However, an international study led by Children’s faculty suggests that ultrasound (US) imaging performed during pregnancy and after childbirth revealed most Zika-related brain abnormalities experienced by infants exposed to the Zika virus during pregnancy, according to a prospective cohort study published online Nov. 26, 2018, in JAMA Pediatrics. Some Zika-exposed infants whose imaging had been normal during pregnancy had mild brain abnormalities detected by US and magnetic resonance imaging (MRI) after they were born.

“A combination of prenatal MRI and US was able to detect Zika-related brain abnormalities during pregnancy, giving families timely information to prepare for the potential complex care needs of these infants,” says Sarah B. Mulkey, M.D., Ph.D., a fetal-neonatal neurologist at Children’s National Health System and the study’s lead author. “In our study, we detected mild brain abnormalities on postnatal neuroimaging for babies whose imaging was normal during pregnancy. Therefore, it is important for clinicians to continue to monitor brain development for Zika-exposed infants after birth.”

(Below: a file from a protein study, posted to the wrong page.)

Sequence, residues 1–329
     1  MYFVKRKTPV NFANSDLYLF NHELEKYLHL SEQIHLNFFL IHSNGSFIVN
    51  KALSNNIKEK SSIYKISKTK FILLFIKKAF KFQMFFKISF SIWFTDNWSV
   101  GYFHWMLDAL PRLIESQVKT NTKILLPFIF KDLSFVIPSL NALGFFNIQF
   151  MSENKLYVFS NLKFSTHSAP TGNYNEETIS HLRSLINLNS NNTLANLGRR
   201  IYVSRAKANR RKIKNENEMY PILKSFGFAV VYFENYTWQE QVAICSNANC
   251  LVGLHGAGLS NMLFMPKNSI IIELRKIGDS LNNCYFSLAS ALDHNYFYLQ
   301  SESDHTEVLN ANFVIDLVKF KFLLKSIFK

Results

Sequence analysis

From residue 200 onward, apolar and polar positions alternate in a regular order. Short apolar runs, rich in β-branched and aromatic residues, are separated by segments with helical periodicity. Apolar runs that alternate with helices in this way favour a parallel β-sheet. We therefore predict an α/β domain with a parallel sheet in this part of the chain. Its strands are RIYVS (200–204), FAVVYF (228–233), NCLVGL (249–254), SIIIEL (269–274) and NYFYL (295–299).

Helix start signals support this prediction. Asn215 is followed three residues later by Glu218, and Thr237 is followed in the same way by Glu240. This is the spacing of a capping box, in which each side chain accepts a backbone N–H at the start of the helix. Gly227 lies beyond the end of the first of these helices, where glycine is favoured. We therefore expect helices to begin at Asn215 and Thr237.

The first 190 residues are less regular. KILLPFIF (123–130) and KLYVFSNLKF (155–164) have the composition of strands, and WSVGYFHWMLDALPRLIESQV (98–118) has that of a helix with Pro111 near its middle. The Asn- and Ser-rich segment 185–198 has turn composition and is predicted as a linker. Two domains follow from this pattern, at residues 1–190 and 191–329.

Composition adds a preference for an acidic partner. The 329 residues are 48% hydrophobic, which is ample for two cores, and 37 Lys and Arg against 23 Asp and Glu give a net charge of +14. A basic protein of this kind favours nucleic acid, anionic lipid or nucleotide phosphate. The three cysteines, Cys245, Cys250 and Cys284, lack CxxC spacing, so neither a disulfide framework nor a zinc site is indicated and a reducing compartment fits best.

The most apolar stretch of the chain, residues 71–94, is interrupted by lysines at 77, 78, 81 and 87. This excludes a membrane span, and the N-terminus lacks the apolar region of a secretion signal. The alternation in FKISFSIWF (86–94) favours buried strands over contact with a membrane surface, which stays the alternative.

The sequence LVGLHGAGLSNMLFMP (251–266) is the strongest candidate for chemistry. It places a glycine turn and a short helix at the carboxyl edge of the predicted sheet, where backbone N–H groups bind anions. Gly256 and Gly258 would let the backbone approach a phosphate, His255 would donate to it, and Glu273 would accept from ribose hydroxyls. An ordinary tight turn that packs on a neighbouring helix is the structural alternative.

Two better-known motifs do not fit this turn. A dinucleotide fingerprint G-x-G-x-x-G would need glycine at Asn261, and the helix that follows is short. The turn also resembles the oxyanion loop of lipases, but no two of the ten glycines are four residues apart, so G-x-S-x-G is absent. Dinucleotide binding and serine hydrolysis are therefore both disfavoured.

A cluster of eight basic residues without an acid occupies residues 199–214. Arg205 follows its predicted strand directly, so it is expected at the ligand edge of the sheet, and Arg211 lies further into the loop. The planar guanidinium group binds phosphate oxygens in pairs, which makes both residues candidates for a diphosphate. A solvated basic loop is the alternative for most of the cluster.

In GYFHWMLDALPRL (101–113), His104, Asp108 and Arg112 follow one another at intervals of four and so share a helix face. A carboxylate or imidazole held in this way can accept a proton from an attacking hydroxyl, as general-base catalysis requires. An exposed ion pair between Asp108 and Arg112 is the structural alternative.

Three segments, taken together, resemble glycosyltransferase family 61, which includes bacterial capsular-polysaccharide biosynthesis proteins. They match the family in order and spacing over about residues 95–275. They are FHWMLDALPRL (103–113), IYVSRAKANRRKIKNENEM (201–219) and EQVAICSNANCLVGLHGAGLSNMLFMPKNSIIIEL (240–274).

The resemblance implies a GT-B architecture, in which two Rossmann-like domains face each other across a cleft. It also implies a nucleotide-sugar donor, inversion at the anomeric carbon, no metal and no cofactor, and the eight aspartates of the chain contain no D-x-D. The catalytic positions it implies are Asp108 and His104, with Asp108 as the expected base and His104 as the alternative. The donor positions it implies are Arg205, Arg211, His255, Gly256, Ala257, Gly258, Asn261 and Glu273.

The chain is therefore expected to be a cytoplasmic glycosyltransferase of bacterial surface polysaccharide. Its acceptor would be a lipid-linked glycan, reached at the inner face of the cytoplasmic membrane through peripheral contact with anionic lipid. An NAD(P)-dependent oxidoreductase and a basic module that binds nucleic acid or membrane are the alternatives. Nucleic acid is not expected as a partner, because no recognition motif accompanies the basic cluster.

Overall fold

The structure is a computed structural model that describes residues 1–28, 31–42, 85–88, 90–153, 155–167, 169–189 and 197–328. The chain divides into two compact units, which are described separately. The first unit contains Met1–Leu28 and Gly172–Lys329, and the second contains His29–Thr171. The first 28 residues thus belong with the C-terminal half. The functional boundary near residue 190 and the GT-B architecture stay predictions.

As of Nov. 20 2018, nearly 2,500 pregnant women in the U.S. had laboratory confirmed Zika infection, and about 2,400 of them had given birth, according to the Centers for Disease Control and Prevention (CDC). While more than 100 U.S. infants were born with Zika-associated birth defects, the vast majority of Zika-exposed U.S. infants were apparently normal at birth. The sequential neuroimaging study Dr. Mulkey leads seeks to determine the spectrum of brain findings in infants exposed to Zika in the womb using both US and MRI before and after birth.